- Writtern by Nikolaj Frobenius, Hans Gunnarsson, Cathinka Nicolaysen, Erik Skjoldbjærg, and Kathrine Valen Zeiner
- Directed by Erik Skjoldbjaerg
Early in this Norwegian thriller, two brothers—both highly-skilled deep-sea divers—have a talk. The one who’s a loving husband and father tells his bachelor brother that this will be his last dive; he wants to spend more time with his family. And so the clichés begin.
Set in the early 1980s, Pioneer’s plot wraps around a competition over which country will control a very lucrative oil pipeline in the North Sea. Will it be virtuous Norway, or the evil United States? The movie doesn’t play coy about who it’s rooting for. All of the Americans are crude, violent, and involved in an evil, murderous conspiracy. Many Norwegians are involved in the conspiracy, as well, but at least they feel guilty about it.
The surviving brother, Petter (Aksel Hennie, star of wonderful thriller Headhunters), is blamed for the fatal accident. But he knows it’s not his fault. How could it be? He’s the star of the picture!
As Petter begins to look into the matter, people start trying to kill him. He’s even run off the road by one of those evil American divers. Mind you, no one is really taking his claims seriously at this point. Here’s a suggestion for anyone running an evil conspiracy: If someone is publically talking about your murderous work, and everyone else assumes that this person is crazy, his death in a car accident involving one of your employees will do your public image more harm than good.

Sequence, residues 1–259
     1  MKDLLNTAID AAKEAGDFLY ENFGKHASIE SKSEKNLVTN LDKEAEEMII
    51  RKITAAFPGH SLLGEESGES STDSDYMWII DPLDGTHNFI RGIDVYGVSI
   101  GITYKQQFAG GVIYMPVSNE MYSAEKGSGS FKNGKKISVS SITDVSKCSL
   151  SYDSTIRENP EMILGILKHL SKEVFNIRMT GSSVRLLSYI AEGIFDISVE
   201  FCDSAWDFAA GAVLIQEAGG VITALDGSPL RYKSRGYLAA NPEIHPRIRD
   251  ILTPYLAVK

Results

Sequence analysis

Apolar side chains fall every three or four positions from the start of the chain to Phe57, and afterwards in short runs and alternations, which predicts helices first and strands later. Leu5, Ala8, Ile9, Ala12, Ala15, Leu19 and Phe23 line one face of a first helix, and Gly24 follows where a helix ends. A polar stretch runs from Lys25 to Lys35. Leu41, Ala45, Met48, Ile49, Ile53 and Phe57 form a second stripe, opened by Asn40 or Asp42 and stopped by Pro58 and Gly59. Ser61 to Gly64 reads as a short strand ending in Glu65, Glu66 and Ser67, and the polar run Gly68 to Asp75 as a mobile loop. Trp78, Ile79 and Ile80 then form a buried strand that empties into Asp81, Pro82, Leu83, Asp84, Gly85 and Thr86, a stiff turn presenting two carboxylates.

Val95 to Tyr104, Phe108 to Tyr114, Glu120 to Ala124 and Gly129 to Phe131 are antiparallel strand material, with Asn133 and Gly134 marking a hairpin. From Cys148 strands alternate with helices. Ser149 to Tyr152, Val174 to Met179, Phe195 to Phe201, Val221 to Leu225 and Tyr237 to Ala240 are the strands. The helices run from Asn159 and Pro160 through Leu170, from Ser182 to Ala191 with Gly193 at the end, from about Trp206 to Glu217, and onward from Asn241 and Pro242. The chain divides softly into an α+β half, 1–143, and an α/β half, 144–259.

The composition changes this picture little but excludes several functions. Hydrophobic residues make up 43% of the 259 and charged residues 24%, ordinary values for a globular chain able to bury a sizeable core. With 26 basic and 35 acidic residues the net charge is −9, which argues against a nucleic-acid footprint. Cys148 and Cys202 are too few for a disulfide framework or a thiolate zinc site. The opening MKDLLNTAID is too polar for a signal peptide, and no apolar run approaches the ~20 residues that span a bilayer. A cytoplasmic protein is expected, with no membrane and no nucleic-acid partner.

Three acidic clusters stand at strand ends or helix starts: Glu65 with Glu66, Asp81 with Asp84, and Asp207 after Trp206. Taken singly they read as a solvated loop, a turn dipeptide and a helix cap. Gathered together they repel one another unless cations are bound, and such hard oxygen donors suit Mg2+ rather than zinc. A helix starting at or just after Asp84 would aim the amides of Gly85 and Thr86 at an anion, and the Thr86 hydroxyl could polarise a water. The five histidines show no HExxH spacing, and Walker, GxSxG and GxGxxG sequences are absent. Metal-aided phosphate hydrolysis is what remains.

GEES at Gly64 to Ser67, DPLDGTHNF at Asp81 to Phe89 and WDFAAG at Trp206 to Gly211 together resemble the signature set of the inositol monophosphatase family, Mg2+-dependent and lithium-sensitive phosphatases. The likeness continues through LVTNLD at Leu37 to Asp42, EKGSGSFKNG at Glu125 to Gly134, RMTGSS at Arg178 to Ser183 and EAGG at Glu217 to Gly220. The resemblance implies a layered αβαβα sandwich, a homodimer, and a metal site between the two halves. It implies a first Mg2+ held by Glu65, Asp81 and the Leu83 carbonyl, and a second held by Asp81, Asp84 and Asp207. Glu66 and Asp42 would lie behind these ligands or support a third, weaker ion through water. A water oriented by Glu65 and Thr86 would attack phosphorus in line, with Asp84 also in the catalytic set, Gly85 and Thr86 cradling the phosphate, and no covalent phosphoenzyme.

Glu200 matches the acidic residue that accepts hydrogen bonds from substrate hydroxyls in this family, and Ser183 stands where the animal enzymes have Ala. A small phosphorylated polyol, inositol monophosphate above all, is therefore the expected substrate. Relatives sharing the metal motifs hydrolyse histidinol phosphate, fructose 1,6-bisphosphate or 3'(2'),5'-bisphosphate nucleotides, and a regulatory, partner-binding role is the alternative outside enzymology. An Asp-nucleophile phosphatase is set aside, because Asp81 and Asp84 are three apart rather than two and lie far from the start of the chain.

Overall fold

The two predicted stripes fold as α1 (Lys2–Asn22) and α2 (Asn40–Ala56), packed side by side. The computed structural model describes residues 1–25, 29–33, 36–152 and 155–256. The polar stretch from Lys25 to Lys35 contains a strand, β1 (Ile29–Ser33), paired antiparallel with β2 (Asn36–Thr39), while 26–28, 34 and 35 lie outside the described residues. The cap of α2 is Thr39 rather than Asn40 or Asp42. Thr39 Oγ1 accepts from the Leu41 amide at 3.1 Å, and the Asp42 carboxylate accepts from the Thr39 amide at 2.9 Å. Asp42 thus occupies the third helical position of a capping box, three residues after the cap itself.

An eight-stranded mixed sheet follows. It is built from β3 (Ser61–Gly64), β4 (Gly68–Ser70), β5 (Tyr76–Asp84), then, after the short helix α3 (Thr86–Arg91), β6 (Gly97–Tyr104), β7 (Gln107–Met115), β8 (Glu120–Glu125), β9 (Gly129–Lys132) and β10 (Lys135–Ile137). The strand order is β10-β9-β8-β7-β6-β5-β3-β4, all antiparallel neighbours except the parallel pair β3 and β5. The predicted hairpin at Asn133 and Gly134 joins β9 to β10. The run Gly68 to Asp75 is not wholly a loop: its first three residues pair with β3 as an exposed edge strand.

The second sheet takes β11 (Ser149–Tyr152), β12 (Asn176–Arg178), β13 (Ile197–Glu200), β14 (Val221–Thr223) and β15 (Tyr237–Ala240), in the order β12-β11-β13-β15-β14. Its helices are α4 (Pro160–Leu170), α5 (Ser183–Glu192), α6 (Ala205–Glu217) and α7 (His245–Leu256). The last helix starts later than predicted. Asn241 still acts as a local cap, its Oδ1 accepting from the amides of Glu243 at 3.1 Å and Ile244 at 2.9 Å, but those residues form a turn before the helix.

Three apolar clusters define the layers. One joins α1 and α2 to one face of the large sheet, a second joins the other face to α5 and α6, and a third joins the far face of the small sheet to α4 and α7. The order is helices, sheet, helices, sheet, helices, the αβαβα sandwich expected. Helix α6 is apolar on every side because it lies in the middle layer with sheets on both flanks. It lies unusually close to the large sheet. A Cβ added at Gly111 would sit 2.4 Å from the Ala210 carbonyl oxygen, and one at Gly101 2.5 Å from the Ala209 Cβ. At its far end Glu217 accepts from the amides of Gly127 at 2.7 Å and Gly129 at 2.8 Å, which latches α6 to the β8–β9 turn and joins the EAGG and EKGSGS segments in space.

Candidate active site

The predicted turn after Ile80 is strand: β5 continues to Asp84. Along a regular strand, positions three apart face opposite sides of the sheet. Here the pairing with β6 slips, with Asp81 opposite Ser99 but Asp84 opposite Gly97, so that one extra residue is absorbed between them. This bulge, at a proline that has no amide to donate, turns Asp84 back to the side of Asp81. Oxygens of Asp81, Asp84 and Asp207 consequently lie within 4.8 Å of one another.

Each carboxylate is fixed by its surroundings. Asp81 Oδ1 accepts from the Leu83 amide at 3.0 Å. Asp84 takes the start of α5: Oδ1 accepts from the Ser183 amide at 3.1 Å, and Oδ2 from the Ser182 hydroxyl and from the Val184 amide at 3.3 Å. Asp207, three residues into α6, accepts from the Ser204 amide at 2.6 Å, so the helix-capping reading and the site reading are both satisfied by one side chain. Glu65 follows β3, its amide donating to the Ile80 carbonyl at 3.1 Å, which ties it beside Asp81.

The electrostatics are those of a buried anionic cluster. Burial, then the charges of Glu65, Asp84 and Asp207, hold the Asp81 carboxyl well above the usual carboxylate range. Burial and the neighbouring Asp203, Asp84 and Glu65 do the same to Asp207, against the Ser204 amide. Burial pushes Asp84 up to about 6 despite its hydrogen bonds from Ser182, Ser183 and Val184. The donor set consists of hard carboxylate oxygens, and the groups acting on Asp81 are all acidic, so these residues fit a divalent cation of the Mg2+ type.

Call it a thriller by the numbers. The twists and turns of the plot are almost all predictable. Really, did you possibly expect that the friend helping him wouldn’t turn up dead? What’s more, Petter just isn’t all that interesting a protagonist.
The movie improves considerably in the last act, when the climax I expected didn’t happen. That was nice, but I had to wait for more than an hour to be surprised by a plot turn
Director Erik Skjoldbjaerg and his merry band of four co-writers never bring up the big question: Should this oil be tapped at all? I guess that raising the planet’s temperature and risking disastrous oil spills are acceptable goals if it helps Norway.